3 Seasonal Foods To Try This November
Eating healthy during the holidays can be tough, but a varied diet, rich in fruits and vegetables, is the foundation of optimum health. By incorporating all the colors of the rainbow onto your plate, you add a variety of sources of health-protective vitamins, phytonutrients, carotenoids, fiber and more to your diet and healthy lifestyle. The following fruits and vegetables are in season in November in North America – add these healthy holiday foods to your meals throughout this month for healthy holiday eating!
- A traditional holiday side dish in North America, cranberries are more than just a tart and tasty meal accompaniment. A rich source of vitamin C and dietary fiber, they are packed with healthy antioxidants and are often used to help prevent urinary tract infections. Recent studies have also linked consumption of cranberries and cranberry juice with healthy cholesterol levels, improved gastrointestinal health, and the prevention of kidney stones – all good reasons to increase your intake no matter what the season. Cranberries are available dried, canned, as a juice or in concentrated supplement form, but fresh cranberries provide the most antioxidants and least sugar. It’s important to choose versions with little to no added sugar or other sweeteners, unfortunately you cannot think of the classic jellied form as a health food this season! Try the Apricots & Red Quinoa recipe, featuring cranberries!
- Sweet Potatoes. A traditional Thanksgiving favorite, sweet potatoes are available year-round and should be a staple in any healthy kitchen. A universally appealing root vegetable, sweet potatoes are an excellent low glycemic source of vitamins A and C – natural antioxidants that help neutralize free radicals. Try the Sweet Potato Barrecipe!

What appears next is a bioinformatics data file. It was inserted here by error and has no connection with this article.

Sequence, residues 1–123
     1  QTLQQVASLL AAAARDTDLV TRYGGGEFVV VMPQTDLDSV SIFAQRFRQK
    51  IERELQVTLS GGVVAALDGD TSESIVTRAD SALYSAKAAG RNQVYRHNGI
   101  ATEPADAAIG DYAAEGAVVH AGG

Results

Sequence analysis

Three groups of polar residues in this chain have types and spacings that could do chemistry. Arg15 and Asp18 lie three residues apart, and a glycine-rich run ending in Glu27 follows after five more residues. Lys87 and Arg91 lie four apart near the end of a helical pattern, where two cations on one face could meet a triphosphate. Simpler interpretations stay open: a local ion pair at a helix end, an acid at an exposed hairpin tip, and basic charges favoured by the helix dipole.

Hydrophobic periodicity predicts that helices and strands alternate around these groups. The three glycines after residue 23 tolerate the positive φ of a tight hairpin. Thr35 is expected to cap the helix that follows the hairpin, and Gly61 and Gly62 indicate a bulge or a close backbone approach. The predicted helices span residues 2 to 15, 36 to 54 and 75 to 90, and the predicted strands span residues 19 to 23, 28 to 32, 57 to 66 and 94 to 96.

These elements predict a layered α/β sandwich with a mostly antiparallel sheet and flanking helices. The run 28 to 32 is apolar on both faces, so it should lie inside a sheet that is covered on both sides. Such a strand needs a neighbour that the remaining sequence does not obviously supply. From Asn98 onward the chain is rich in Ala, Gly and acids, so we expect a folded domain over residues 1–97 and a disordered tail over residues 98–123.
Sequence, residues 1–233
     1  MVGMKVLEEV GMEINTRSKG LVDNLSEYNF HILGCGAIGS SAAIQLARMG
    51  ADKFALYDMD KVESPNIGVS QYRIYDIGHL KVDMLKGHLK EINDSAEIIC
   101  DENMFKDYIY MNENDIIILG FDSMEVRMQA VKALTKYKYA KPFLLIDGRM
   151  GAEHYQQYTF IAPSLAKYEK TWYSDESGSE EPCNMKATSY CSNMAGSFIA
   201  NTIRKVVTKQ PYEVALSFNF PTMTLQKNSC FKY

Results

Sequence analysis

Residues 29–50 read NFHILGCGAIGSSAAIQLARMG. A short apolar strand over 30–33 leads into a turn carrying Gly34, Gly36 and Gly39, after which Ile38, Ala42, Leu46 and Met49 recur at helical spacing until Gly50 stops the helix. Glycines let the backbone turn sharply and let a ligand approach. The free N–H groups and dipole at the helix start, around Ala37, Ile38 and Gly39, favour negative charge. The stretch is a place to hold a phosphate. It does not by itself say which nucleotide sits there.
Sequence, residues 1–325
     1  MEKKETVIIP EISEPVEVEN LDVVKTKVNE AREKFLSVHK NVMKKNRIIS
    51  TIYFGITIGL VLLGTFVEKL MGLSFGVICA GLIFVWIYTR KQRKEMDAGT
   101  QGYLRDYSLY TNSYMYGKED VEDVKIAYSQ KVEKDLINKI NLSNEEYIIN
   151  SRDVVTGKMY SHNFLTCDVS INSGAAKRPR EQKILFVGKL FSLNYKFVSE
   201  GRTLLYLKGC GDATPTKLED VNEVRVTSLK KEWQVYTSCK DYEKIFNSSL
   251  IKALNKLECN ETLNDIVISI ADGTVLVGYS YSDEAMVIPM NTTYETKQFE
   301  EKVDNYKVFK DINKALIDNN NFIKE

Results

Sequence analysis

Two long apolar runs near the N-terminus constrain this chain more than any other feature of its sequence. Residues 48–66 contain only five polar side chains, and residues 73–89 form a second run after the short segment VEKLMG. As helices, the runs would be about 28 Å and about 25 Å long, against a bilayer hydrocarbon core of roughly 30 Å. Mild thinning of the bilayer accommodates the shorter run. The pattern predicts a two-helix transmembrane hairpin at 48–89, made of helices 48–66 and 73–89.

- Winter Squash. A delicious and versatile meal option for the colder months, winter squash comes in many varieties, all with a hard shell and mild tasting flesh. Some common varieties of winter squash include butternut, acorn, Hubbard and pumpkin. No matter what variety you choose, you will be getting plenty of healthful nutrients: winter squash is an excellent source of vitamins A and C, and provides good amounts of potassium, dietary fiber and folate. Winter squash also provides antioxidant and anti-inflammatory benefits, and has been associated with the prevention of a variety of diseases, including benign prostatic hyperplasia, lung cancer, atherosclerosis, diabetes-related health issues, and inflammatory disorders such as rheumatoid arthritis, asthma, and osteoarthritis. Use spaghetti squash to replace higher glycemic pastas, or make the Roasted Squash & Apple Soup recipe.
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